A raw deal

They build homes for others, but are left with no security for themselves...

We barely give them a glance as we pass by on our way to plush offices, spacious homes, shopping malls or theatres. Yet theirs are the hands that help build these structures of work and play. Carrying head loads of bricks, cement or sand that are often too heavy for their frail frames, keeping a wary eye on infants swinging from makeshift cloth cradles and gulping down their meagre midday meal, they barely manage to subsist. Woman construction workers are called chithal as opposed to the male workers who are referred to as periyal. The nomenclature itself eloquently spells out their inequality in their profession, at home and in society.

Women who make up a third (30,000) of the one-lakh construction labour force in the city are paid much less than the men. "If we work in a company (big builders) we get even less than if we freelance — Rs. 60 a day as opposed to Rs. 100. But one is assured of work six days a week," they say. Freelancing means hanging around at a specified spot in the market while the masons come and hire you. "They may not do so at all on some days," says Radha (55), who has been a construction worker since the age of ten, following in the footsteps of her mother. "I have seen the wages rise from five and a half annas to the present amount. But women have a hard life," she shakes her head in distress. "I would rather do this than be a maid," her neighbour Thamizharasi joins in. "I tried my hand at it. The continual dipping of hands in soap suds and the cleaning of plates with leftover bones... it was awful," she shudders. "And all you get is Rs. 300 to Rs. 500 a month."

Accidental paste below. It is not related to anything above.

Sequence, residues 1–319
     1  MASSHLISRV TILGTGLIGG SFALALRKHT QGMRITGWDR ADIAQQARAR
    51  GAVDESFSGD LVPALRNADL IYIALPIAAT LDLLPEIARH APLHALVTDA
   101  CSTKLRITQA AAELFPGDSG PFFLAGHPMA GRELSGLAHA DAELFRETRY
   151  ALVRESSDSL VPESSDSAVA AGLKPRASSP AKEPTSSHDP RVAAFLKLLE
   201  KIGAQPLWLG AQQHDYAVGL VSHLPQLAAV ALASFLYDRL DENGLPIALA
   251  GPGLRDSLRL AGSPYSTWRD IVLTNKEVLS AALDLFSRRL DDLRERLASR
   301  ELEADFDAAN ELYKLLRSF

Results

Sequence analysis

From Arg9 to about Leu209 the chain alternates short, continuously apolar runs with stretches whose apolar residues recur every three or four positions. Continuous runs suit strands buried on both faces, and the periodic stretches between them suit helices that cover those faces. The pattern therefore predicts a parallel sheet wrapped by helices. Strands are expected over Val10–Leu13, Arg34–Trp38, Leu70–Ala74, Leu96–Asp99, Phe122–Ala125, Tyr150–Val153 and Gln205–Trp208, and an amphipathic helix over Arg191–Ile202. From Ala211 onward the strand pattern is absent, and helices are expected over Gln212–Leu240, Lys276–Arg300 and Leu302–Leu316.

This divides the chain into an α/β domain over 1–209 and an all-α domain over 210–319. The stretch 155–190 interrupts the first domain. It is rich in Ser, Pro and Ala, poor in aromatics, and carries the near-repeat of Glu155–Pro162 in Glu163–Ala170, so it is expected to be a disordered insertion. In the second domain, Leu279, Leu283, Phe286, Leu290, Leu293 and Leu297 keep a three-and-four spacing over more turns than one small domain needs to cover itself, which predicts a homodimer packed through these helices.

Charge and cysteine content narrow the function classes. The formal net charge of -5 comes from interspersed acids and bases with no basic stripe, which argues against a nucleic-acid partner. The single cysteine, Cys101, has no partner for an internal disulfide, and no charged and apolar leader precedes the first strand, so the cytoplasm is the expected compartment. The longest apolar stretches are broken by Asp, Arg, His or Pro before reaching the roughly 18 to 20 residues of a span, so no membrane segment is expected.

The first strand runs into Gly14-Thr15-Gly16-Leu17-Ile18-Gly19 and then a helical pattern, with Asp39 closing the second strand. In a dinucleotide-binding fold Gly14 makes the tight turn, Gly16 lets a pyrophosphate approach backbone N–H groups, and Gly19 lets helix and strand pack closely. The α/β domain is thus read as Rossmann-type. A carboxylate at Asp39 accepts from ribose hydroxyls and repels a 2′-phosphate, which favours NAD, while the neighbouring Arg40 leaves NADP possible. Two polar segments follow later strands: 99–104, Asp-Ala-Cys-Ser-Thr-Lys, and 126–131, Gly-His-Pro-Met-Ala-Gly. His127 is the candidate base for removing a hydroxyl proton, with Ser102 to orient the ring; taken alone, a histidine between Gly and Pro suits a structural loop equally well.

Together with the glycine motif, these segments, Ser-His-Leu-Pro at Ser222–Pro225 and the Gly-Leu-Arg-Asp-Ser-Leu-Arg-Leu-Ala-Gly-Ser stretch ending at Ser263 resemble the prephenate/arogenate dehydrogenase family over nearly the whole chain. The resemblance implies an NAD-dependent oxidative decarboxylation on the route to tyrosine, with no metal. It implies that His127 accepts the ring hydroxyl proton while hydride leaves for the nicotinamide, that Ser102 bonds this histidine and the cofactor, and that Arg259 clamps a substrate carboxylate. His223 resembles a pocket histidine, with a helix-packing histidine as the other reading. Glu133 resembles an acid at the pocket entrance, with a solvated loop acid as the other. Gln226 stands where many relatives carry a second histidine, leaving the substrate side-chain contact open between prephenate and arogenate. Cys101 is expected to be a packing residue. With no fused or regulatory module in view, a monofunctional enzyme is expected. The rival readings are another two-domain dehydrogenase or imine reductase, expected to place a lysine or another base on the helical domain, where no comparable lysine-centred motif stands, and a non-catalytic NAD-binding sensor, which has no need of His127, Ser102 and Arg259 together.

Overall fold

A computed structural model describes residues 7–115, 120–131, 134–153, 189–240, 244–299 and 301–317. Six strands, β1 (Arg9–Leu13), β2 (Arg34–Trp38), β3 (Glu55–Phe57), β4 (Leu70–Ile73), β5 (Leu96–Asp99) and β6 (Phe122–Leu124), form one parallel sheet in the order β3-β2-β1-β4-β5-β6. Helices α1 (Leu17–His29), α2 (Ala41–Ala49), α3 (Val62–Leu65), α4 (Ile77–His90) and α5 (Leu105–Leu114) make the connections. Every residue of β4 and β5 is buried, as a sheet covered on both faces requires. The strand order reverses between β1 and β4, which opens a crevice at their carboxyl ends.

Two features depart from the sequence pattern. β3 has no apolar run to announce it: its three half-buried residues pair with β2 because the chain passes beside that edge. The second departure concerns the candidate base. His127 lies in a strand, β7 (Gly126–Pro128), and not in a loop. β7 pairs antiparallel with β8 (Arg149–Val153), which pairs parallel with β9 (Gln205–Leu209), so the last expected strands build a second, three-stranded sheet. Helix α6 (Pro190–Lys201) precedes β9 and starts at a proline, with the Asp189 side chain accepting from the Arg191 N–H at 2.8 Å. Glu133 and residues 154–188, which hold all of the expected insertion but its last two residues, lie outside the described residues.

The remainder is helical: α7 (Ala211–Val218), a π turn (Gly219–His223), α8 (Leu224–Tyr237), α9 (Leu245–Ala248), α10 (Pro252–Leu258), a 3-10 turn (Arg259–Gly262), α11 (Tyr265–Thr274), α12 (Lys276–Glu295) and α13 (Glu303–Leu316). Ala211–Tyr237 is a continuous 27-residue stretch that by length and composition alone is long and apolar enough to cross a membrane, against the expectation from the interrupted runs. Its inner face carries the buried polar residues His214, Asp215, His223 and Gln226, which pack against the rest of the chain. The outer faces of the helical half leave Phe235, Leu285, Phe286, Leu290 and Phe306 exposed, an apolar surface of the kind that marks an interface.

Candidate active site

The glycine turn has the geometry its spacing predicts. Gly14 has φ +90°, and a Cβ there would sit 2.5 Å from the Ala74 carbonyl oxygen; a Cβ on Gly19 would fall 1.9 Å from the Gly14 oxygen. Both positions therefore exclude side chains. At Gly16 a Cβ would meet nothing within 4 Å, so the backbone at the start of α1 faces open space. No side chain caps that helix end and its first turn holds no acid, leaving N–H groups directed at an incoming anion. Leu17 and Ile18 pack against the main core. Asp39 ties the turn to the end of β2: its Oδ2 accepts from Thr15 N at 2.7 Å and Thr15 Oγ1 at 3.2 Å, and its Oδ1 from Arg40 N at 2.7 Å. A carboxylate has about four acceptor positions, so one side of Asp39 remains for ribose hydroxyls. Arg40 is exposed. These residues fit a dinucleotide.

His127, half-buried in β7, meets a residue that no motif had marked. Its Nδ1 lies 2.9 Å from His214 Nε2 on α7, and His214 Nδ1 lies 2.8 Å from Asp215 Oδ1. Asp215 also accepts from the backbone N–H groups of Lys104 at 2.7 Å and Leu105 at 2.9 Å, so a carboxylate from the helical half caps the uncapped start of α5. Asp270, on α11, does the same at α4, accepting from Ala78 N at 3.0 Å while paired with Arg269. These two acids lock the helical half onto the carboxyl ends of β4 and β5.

"It is during the monsoon and during childbirth that we incur the greatest debts," states Rajathi. "Even their saris and utensils land up in the pawn shop," says Geetha Ramakrishnan, a former lecturer in physics who has been working for the welfare of this unorganised sector since 1979, helping them, along with others, to form themselves into unions and fight for their benefits. "Many of them are deserted women and widows. Drinking and polygamy are the major problems the married women face. Wife beating should be made a cognisable offence," says Geetha, her calm face flashing anger. "ESI benefits, housing and crèches are urgently needed. The Tamil Nadu Construction Workers' Welfare Board provides some benefits. But maternity and even death dues do not come on time and they face the ire of vettiyans. The Board can give them 30 kg of rice during the monsoon, else they go hungry."

"When I hurt myself at the site, I just apply a bandage and go to work whereas my husband, also a construction worker, stays at home when he suffers a similar injury," says Vijaya. "The men give us a meagre amount and abuse us if we do not prepare a fine meal," exclaim her colleagues Krishnaveni and Chandra.

And though the men do heavier work, the difference of Rs. 150 to Rs. 100 is too much, they all feel. "What's more, sometimes the periyal make us do their work too!"

The cry of construction workers, "we build homes for others but have no homes of our own," takes on a special poignancy when you visit the pavement dwellers on Greams Road. Nearly 35 families live here. Many of them are migrant labour. Thangammal has lived on this pavement for 45 years. "I was born here and had my baby here," says Thamizharasi.

The women bathe at the crack of dawn using their saris as shields and during their menstrual cycles their problems get compounded. In addition they have to put up with passes made by drunks on their way from the cinema at night.

Female children take care of younger siblings and then get sucked into construction work; so the inequality is perpetuated.

Globalisation and mechanisation have sliced through the life of construction workers hacking out huge chunks of opportunity.

"It is estimated they will be reduced to 1/20th in number," says Geetha. "Considering the male-female ratio, where will it leave the unskilled women? And when prefabricated dwellings come"...

The sentence hovers in the air with the menace of any of the monstrous machines which mix, roar and spill their contents and whose blades move as inexorably as the wheels of time.

From The Hindu dated 19/01/2006

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